On Government

Overview

Cicero, writes Michael Grant in his Introduction to this superb selection, is 'by far Rome's most enlightening polictical thinker, and perhaps its greatest.'

Marcus Tullius Cicero (106-43 B.C.) was a key figure in the turbulent closing years of the Roman Republic. The principles he expounded, occasionally compromised, and eventually died for, draw on wide practical experience as well as deep knowledge and reflection.

Against Verres sealed the ...

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Overview

Cicero, writes Michael Grant in his Introduction to this superb selection, is 'by far Rome's most enlightening polictical thinker, and perhaps its greatest.'

Marcus Tullius Cicero (106-43 B.C.) was a key figure in the turbulent closing years of the Roman Republic. The principles he expounded, occasionally compromised, and eventually died for, draw on wide practical experience as well as deep knowledge and reflection.

Against Verres sealed the fate of a corrupt provincial governor and made Cicero's reputation; the Philippics, a brilliant series of attack on one-man rule, and on Mark Antony in particular, cost him his life. For Murena and For Balbus, by contrast, are examples of expediency in action. All appear here complete or in extract, along with treatises On Laws and On the State, and the Brutus, a masterly survey of Roman oratory in an era when statesmen were above all public speakers. Such works, suggests Michael Grant, reveal Cicero's pioneering interest in 'the mechanics, tactics and strategies of government'. They also illuminate the perennial issues of politics to this day.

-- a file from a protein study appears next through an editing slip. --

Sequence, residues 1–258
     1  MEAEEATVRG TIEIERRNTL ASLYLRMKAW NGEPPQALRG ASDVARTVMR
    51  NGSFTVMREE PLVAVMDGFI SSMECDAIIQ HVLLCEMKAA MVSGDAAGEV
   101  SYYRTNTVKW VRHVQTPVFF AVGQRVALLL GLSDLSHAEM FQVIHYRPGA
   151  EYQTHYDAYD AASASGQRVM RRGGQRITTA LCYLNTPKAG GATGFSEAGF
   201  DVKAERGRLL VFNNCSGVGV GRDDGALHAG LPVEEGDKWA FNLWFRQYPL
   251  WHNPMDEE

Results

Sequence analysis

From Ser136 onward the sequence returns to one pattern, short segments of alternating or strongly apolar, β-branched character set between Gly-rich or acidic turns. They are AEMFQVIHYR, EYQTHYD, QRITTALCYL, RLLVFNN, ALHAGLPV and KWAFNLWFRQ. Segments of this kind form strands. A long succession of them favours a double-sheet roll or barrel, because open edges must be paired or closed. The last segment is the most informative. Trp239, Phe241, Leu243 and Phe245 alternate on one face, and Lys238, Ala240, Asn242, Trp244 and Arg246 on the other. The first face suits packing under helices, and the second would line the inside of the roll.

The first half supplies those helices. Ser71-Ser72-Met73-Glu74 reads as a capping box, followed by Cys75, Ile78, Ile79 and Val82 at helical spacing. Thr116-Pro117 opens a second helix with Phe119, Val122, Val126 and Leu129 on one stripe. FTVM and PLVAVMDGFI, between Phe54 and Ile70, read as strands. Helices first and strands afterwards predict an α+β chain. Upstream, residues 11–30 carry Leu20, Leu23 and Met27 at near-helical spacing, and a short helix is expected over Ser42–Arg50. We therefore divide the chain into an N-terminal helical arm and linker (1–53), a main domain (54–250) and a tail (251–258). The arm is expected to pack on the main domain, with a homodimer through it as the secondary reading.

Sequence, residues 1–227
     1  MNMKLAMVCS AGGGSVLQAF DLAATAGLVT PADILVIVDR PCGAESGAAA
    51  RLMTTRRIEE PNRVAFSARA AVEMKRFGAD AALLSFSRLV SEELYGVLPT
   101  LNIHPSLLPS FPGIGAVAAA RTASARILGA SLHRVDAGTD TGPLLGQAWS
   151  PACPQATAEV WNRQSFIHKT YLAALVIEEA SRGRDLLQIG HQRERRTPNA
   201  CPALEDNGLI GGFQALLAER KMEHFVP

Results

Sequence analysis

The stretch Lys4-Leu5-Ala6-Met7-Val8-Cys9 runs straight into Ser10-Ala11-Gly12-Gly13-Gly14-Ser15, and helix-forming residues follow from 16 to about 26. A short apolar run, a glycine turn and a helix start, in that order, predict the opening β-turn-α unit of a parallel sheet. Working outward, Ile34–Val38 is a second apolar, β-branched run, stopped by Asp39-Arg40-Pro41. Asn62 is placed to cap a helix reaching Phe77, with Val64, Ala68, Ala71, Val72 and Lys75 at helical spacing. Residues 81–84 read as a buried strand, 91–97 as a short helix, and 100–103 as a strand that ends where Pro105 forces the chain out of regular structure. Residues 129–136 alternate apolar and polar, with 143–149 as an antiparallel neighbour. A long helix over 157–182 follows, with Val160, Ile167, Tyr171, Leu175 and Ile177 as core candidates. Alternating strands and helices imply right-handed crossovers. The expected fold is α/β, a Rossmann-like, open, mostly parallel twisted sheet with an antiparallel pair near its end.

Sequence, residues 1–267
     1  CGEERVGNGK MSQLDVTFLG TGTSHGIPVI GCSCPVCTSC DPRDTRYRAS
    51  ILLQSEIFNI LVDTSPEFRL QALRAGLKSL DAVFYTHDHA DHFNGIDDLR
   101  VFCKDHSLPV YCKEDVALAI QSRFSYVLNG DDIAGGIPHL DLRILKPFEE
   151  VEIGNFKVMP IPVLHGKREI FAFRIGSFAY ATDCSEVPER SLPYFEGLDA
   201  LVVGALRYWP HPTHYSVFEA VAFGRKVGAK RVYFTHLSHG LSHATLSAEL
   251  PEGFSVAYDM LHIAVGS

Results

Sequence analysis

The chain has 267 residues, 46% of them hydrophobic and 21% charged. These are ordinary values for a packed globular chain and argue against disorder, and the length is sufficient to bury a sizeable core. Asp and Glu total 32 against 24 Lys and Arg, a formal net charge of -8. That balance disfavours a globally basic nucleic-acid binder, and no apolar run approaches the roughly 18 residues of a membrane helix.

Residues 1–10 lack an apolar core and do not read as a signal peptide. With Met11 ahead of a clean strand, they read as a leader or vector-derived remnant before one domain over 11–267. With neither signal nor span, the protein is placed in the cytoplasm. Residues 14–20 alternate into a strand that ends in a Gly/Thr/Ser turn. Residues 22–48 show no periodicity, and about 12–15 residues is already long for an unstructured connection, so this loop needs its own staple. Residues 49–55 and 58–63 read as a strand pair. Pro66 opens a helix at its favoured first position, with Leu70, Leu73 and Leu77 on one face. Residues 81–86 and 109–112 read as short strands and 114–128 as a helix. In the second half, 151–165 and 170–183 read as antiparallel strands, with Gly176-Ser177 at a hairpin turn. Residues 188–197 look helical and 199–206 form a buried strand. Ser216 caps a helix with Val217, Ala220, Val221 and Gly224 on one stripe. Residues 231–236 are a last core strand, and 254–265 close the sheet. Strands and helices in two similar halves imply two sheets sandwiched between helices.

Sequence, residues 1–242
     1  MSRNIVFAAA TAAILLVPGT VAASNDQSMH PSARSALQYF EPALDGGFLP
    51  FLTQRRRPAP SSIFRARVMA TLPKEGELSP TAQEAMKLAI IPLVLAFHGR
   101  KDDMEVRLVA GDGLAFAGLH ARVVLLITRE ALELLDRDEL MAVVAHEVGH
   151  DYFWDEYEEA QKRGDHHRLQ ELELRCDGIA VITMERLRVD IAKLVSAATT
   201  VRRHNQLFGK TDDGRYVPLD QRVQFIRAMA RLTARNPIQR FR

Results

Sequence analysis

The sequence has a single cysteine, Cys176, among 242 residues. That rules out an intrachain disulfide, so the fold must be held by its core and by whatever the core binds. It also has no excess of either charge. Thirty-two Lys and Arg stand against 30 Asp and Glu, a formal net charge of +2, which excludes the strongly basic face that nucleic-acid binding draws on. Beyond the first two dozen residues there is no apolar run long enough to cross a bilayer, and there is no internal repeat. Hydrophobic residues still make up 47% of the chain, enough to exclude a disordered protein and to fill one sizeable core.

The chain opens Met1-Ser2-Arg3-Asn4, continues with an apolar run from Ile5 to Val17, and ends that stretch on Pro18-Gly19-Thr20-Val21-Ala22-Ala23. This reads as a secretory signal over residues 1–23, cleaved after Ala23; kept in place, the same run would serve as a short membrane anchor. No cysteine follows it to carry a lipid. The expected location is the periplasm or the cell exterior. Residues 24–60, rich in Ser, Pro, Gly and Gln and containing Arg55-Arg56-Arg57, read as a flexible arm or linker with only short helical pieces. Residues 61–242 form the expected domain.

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Product Details

  • ISBN-13: 9780140445954
  • Publisher: Penguin Group (USA) Incorporated
  • Publication date: 3/28/1994
  • Series: Penguin Classics Series
  • Pages: 432
  • Sales rank: 738,436
  • Product dimensions: 5.20 (w) x 7.82 (h) x 1.05 (d)

Table of Contents

Introduction
1. Against Verres (II, 5): How Not to Govern a Province
2. For Murena: When to Sacrifice a Principle
3. For Balbus: The Admission of Foreigners to Citizenship
4. On the State (III): The Ideal Form of Government (V, VI): The Good Statesman
5. On Laws (III): How to Run the Ideal Government
6. The Brutus: The Importance of Oratory
7. The Philippics (IV, V, X): Against Rule by One Man
Appendix I: Some of the Arguments used in For Balbus
Appendix II: Minor Orators Mentioned in the Brutus
Maps
The Roman Empire in 51 B.C.
Italy Sicily Eastern Europe The East Western Europe and North Africa Plan of Rome

Further Reading

Index

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